The world is waging war on straws, a.k.a. our second favourite piece of plastic (credit cards are first, duh) – and millennials are shookt.
Not sure what’s going on? Let me explain. It seems that the people of Starbucks have finally decided to officially boycott plastic straws. By 2020, all plastic straws will be made obsolete by their newly designed sippy cup, which will apparently be easier to recycle too.
Look, I’m all for saving Mother Earth, but I have lipstick on, okay? How am I going to drink a Frappucino without the genius invention that is the humble straw?
If you, too, are suffering from the same quandary, fear not – here’s where to buy affordable reusable straws that you’ll be proud to feature in your #StopSucking Instagram stories.
Seastainable ($7.50 metal straw set)
They are ridiculously cheap. Regular stainless steel straws are as cheap as $0.50, while the fancier bubble tea ones are just slightly more expensive at $1.50. But as Clara pointed out, “you shouldn’t put anything from AliExpress in your mouth”. Nothing will convince her to buy a dodgy $0.50 straw from China.
In this case, she’s got a point. If the metal straws are not made of Grade 304 (food grade) stainless steel, it will corrode over time and seep into your drink as you suck them up. With super cheapo straws, there’s no real way to know if the materials used are safe or not.
With Seastainable, you can suck with peace of mind – it’s explicitly stated that their straws are made of Grade 304 stainless steel, and that no plastic was used in the manufacturing and packaging of the straws.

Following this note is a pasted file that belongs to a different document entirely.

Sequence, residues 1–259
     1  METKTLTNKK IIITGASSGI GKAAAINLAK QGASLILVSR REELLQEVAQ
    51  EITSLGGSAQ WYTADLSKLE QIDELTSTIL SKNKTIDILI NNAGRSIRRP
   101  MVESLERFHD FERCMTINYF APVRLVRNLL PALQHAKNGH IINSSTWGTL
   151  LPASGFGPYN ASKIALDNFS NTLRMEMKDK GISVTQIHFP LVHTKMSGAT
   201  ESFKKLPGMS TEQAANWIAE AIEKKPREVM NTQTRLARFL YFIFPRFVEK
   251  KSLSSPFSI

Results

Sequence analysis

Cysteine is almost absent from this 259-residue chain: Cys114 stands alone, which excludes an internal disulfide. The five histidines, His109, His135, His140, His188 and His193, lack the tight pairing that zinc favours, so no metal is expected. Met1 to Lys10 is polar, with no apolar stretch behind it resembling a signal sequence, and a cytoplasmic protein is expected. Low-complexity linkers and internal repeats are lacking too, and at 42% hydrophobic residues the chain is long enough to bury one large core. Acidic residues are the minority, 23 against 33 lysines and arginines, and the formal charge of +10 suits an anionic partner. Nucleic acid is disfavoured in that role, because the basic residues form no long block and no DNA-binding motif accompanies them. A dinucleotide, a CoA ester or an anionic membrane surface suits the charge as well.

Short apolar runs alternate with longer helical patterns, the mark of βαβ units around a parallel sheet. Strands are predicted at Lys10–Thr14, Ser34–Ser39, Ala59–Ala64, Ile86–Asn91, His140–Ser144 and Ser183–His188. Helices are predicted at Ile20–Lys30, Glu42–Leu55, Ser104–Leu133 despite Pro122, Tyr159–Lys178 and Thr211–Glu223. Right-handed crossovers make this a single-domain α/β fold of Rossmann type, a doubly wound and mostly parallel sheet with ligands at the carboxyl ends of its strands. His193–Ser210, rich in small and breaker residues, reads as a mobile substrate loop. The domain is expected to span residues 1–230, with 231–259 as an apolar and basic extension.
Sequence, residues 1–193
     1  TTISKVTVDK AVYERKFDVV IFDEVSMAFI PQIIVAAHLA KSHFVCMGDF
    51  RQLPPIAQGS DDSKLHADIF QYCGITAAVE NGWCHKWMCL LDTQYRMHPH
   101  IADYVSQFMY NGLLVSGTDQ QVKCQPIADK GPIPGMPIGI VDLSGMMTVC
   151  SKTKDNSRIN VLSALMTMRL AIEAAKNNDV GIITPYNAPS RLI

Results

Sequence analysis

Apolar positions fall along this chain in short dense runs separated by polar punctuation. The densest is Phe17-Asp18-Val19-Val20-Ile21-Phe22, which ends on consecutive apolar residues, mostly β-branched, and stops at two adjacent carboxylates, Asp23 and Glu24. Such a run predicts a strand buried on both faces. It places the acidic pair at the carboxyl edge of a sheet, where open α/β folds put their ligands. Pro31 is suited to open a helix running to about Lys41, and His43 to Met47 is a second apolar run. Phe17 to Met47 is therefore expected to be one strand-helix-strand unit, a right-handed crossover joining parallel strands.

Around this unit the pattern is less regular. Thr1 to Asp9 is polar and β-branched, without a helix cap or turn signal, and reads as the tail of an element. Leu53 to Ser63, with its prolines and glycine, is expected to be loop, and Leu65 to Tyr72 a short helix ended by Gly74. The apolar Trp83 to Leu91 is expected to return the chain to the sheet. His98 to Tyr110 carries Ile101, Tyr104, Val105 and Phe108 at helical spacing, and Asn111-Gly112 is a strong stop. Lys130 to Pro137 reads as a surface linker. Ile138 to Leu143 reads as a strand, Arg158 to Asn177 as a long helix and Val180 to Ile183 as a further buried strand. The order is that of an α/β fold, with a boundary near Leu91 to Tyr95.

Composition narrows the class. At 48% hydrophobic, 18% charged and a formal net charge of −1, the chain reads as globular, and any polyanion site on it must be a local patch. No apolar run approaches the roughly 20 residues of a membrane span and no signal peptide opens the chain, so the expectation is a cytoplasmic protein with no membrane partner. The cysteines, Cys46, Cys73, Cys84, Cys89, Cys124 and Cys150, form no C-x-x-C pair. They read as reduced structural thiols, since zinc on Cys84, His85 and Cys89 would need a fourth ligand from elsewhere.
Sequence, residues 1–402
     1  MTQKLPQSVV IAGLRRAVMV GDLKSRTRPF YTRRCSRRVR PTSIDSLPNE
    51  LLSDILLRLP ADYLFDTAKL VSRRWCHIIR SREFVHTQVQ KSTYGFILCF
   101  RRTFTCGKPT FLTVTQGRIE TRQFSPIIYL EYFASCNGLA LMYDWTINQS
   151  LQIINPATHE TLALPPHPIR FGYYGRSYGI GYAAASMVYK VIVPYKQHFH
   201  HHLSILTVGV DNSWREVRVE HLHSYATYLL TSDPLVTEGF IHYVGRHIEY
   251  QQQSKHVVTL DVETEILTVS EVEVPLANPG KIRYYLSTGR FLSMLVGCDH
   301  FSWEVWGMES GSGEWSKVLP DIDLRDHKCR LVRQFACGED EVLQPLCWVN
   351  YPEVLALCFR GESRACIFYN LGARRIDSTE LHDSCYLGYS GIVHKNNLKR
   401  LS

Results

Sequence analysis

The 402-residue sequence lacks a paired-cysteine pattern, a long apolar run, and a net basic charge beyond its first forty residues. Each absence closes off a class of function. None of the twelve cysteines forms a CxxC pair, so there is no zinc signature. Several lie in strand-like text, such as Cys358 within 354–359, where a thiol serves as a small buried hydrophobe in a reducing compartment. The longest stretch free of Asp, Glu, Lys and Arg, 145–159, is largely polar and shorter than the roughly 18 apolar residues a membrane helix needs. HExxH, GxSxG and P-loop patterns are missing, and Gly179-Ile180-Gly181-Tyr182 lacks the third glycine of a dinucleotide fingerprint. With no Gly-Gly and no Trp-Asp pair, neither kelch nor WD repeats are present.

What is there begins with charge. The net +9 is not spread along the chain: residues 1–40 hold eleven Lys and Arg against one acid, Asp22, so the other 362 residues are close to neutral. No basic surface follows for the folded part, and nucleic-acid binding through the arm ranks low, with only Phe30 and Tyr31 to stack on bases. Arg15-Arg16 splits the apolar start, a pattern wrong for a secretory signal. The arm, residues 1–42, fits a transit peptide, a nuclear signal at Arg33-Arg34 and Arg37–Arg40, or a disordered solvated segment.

Each Metal Straw Set ($7.50) comes with 1 regular straw (6mm), 1 bubble tea straw (12mm), 2 brush cleaners and a super pretty linen pouch. Regular shipping is $1.20 (+$0.20 per piece).
Trove of Gaia ($7 coloured glass straws)
Stainless steel straws are great for making your Nitro cold brew feel EVEN colder, but some people aren’t into that. If that’s you, another reusable straw option to consider is glass.
Glass straws are my personal favourite because, as a hygiene freak, I like the fact that it’s see-through so I can be super duper sure that it’s clean when I wash it. It’s probably not great if you’re a klutz and prone to breaking things though.
The glass straws ($7) from Trove of Gaia are made from Borosilicate glass, which is more durable and can withstand more extreme temperatures than regular glass. They come in three fun colours, black, pink and white, and you can add $0.90 for a straw brush for cleaning.
Trove of Gaia also sells bamboo straws ($3.50), stainless steel straws ($7.90) and handmade drawstring bags for carrying your straws around ($2.50). Normal postage is $2.50.
Bamboo Straws Worldwide ($12 for 5 bamboo straws)
You’ve probably heard of the 26-year-old Melissa Lam who goes by the name of @bamboostrawgirl on Instagram. In 2014 (when the brand was born), Bamboo Straws Worldwide only sold straws. Today, they have toothbrushes, cutlery and even – yikes – menstrual cups. I’ve mixed feelings about the last one, but I won’t open that can of worms.
The 15cm bamboo straws are $12 for a pack of 5, which works out to $2.40 per straw. If you can get enough people to bulk order with you, you can go for the 40-pack bundle. It’s $72, which comes up to $1.80 per straw.
Note that bamboo straws are not as durable as stainless steel or glass ones (they will eventually fray and splinter), so you will probably have to replace them more often than the other types.
If you’re doing this for the ‘gram, get the Bamboo Straws Fabric Wrap Set ($11). It comes with fewer straws, but it’ll be wrapped in a pretty fabric “bag” of sort.
The Bamboo Straws Worldwide is based here so shipping is free within Singapore.
Have you made the eco-friendly switch to reusable straws? Tell us your thoughts in comments below!
In-article images by Bamboo Straws Worldwide, Seastainable and Trove of Gaia.